Leadership engagement is the most significant driving force in a successful S&OP undertaking. Without direct involvement at the executive level, processes could stall or break down without adequate guidance towards a resolution.
If it is well-executed, the S&OP aligns all planning functions throughout the organization. However, conflicting opinions do arise, and often, operational managers will disagree on the best approach to take.
During the executive phase, recommendations are considered, and the best course of action is decided. Without oversight, these processes could stall out or even fail completely as operational management may attempt to find their own way of dealing with different viewpoints. If this is the case, the result is often poor performance, misaligned efforts, confusion, and lack of progress in general.
Assuring a Successful Sales and Operations Planning Process
Best practices in S&OP center on people, process, and practice.
Groups should be cross-functional, inviting as many perspectives as possible. Clarify roles and define accountability, and be sure that participants know how valuable their input is to the S&OP process.
Each step in the process must be clearly defined, but participants should understand that the process can always be improved. Timelines should be pre-established and facilitated by one key individual who is responsible for keeping the project moving towards its desired conclusion.
According to Kyle Brost, a leading strategist and founder of Choice Strategy Group, a successful S&OP requires a diverse group from across all departments in the organization. Without considering every viewpoint, your S&OP may be inadequate or poorly executed.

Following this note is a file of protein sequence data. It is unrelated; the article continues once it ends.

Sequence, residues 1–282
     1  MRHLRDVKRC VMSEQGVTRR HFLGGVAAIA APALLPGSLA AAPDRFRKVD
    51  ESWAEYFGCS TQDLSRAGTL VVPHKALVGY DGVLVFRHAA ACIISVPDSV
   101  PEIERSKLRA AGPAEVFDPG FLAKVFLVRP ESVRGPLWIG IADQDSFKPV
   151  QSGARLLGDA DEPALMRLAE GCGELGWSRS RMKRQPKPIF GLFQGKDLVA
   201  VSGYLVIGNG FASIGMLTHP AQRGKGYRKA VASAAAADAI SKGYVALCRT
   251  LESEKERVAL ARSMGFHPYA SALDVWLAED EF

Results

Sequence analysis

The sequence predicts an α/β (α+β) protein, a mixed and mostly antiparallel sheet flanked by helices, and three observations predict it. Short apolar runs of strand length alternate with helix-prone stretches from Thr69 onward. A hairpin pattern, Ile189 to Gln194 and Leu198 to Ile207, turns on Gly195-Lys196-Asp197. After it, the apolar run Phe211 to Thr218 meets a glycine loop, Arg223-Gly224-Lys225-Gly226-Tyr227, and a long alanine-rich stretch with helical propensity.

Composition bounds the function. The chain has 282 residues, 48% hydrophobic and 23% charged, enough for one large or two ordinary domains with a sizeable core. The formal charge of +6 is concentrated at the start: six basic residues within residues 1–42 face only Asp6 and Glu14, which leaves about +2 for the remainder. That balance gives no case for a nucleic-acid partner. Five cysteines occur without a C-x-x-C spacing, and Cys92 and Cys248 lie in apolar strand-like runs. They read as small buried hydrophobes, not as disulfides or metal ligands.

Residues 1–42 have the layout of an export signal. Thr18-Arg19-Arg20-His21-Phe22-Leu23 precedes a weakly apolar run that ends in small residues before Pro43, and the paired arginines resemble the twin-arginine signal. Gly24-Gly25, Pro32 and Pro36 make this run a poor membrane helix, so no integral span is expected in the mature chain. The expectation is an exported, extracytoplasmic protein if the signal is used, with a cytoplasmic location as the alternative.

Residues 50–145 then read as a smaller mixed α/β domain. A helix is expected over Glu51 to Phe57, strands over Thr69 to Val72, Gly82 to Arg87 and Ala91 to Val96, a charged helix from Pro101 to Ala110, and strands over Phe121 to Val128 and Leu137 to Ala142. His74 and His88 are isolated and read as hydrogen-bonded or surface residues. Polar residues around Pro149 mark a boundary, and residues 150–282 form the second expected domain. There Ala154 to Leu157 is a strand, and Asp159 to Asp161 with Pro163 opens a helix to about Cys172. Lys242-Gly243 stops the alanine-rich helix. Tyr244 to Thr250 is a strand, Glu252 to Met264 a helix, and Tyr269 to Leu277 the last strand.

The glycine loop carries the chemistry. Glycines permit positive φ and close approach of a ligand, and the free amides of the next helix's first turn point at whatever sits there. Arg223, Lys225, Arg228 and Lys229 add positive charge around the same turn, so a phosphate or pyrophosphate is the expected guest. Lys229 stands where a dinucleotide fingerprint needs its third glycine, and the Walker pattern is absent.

Additionally, strategic alignment to the goal is critical. There must be a strong connection between strategy and execution. Otherwise, you could miss the mark entirely.
Risk mitigation plans must be built into the S&OP. Foreseeing places where processes might break down will help you build strong defenses against any scenario. If and when challenges do arise, your organization won’t be caught off-guard. They will already know exactly what to do, and they’ll be ready to spring into action.
Wrapping Up: S&OP Takeaways
In conclusion, sales and operations planning is a practical approach to streamline production, maximize profitability, and help organizations align operations to reach their strategic goals. With consensus and oversight resonating from the executive team, the entire organization becomes focused on the things that matter, which is, ultimately, making the most of opportunity while minimizing barriers to success.
If you would like to learn more about strategic software solutions to support your S&OP process, we’d love to talk about it. Reach out today.